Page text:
He should hopefully at some point soon, become really inspired by a subject and a teacher, or be motivated by a career, which will always be the best form of motivation!

If I were you in subjects where he is doing alright monitor but not make too big a deal of it. But on subjects where he is falling behind come alongside him and teachers in ensuring progress is made. School should be able to suggest individual strategies.

Teachers at secondary school don't always pay much attention to levels from primary schools. That's why the majority of schools do their own testing in the first few weeks. Some schools will over focus on and teach to the tests and levels become over inflated, it makes them look good for ofsted. So a pupil who comes out with a level 5 at primary, when secondary's test them come out a bit lower.

Finally, settling into year 7 takes time. Finding your feet, making friends, having many different teachers etc. can be hard for some, and if you have a happy child in year 7, then in my book you are setting yourself up in the right way for the rest of school.

SausageInnaBun Sat 16-Mar-13 07:29:22

Just want to add though that in year 7 I wouldn't worry about it, he's doing well. It matters more once he gets to year 9/10. Also my lazy brother is not motivated by money and doesn't care if he won't be rich, he's happy how he is though he is very jealous of other brother's achievments. The most important thing is that he is happy.

SausageInnaBun Sat 16-Mar-13 07:22:56

Haven't read whole thread but YANBU. I have two brothers, both are super intelligent (genius level). One is a hard worker, one is lazy. Lazy brother always did the bare minimum, got excellent GCSE results by putting no effort in, was really smug about it, his A level results were very average (he didn't even do the coursework for some of them). He didn't learn though and at uni still did the bare minimum, he got 69.something percent which was rounded up to 70 so he just scraped a first (he's also smug about this). He's had a series of temp jobs and is struggling to get a permanent job, he's 30 now and earns about 25K.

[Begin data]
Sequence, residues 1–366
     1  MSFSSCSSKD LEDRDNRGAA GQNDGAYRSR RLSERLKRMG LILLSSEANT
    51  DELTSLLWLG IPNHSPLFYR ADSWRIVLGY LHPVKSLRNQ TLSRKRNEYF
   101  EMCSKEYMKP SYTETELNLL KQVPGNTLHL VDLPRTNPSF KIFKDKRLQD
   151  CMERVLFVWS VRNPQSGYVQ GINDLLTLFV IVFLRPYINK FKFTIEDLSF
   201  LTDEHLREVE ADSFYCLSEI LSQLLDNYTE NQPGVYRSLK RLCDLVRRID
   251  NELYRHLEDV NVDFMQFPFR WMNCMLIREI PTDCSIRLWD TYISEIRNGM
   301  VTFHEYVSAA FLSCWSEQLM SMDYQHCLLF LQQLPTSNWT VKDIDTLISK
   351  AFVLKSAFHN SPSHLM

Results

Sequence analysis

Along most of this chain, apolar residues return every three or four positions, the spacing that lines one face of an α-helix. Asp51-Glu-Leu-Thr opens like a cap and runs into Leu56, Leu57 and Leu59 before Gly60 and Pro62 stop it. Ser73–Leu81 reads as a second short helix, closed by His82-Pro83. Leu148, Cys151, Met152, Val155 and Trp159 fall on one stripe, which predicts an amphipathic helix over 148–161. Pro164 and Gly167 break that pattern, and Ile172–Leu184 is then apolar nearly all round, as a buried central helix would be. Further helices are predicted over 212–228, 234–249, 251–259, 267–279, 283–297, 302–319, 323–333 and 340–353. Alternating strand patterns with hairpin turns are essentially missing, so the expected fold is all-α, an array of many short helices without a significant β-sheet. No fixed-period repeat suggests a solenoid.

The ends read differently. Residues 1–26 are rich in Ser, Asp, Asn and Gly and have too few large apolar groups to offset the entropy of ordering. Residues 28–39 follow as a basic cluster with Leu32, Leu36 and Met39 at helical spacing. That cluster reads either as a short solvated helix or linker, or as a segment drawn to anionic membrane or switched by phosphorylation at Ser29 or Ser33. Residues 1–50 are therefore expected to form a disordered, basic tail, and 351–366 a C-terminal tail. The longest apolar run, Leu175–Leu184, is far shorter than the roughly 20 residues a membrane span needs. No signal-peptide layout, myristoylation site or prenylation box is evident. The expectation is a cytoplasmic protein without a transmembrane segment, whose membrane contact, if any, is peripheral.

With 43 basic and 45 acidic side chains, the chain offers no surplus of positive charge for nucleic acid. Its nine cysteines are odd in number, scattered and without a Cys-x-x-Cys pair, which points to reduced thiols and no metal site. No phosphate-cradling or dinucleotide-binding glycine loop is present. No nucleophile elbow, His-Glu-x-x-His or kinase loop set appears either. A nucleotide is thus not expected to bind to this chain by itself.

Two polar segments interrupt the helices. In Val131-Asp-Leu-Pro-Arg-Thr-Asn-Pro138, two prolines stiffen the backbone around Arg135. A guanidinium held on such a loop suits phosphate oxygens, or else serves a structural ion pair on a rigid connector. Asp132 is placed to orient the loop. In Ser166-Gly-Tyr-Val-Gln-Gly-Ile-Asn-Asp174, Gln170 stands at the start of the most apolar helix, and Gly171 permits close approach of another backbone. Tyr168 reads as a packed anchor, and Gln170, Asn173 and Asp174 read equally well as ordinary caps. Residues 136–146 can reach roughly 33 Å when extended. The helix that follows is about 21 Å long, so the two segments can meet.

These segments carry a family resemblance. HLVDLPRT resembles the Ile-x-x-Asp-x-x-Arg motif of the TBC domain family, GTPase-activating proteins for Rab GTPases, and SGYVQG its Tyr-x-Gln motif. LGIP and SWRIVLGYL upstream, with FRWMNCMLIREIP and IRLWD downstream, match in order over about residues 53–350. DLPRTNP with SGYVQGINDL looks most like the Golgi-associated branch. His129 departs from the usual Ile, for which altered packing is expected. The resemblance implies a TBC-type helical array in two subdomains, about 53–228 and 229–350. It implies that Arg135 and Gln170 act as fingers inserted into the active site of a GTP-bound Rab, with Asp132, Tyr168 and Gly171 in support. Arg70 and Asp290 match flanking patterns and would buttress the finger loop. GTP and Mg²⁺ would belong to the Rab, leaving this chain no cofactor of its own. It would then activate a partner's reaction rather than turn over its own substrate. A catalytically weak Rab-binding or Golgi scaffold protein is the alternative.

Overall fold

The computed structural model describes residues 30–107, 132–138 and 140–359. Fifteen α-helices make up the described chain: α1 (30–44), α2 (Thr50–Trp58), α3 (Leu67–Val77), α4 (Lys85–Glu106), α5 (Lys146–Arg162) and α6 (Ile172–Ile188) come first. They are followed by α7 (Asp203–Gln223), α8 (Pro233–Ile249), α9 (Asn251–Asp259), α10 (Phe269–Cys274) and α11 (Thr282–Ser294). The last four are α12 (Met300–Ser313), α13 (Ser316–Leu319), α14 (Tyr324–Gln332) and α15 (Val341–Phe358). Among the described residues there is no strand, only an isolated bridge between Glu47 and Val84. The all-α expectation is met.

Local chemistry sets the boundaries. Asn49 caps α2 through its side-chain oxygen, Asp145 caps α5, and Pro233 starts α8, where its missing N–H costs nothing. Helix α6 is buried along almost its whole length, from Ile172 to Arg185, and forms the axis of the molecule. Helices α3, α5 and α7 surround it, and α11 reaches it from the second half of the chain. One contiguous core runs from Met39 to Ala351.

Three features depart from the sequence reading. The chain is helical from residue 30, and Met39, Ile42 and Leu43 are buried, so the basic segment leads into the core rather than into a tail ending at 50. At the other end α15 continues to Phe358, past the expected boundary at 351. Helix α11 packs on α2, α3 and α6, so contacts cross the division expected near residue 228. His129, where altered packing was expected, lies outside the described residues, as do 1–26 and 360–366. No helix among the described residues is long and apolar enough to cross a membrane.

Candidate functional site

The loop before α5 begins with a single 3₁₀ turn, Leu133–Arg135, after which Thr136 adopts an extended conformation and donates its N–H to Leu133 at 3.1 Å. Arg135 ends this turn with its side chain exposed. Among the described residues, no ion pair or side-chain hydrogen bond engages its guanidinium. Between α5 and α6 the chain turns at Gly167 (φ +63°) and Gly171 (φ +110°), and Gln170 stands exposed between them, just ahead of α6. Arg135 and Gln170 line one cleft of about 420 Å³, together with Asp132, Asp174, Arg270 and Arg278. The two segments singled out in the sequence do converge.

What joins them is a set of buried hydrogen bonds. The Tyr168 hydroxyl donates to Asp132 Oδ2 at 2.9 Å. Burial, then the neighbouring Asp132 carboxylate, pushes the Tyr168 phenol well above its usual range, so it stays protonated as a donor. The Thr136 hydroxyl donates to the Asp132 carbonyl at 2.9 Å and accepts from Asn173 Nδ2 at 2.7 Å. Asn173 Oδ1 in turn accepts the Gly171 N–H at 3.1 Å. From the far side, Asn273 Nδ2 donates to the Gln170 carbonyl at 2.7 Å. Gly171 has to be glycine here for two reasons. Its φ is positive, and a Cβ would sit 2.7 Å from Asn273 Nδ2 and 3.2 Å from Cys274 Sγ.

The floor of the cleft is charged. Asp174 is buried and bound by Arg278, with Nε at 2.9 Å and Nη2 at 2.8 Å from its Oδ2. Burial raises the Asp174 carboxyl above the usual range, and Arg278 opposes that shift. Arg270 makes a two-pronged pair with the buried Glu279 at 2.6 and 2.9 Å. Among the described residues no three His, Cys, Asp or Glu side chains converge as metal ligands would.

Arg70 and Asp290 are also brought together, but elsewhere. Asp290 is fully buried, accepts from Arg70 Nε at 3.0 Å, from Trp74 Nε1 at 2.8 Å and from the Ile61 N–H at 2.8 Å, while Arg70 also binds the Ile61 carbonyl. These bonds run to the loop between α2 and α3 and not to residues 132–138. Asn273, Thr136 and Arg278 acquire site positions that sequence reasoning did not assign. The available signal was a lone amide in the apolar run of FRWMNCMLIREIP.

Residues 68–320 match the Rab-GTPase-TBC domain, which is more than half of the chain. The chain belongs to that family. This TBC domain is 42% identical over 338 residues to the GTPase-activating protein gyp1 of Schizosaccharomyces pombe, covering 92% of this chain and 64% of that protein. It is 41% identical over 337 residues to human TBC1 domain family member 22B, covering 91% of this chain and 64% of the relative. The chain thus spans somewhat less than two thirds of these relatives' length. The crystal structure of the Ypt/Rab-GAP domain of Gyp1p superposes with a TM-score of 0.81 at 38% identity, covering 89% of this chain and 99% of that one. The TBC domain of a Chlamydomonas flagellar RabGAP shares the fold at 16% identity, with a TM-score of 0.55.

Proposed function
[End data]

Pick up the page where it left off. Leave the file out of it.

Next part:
My other brother is super intellingent but also a very hard worker (he would revise 8hrs a day during exam periods), he got similar GCSE results to brother one (all As and A*s) and all As at A level, he broke school records for exam results (pretty shit school) and got into the top ten in the country for one of his A levels (they sent him a letter about it) he also got 100 percent in some of his modules.
He's now doing his masters and will do a PHD after that. During his degree he always got the highest marks (100 percent in one module), got onto research programmes for the uni every summer which he was paid for (science degree), won cash awards for writing articles and getting best student awards and things (he won about 2K during his degree). Basically he is outstanding and even in a recession will have people desperate to employ him. He'll be very rich some day.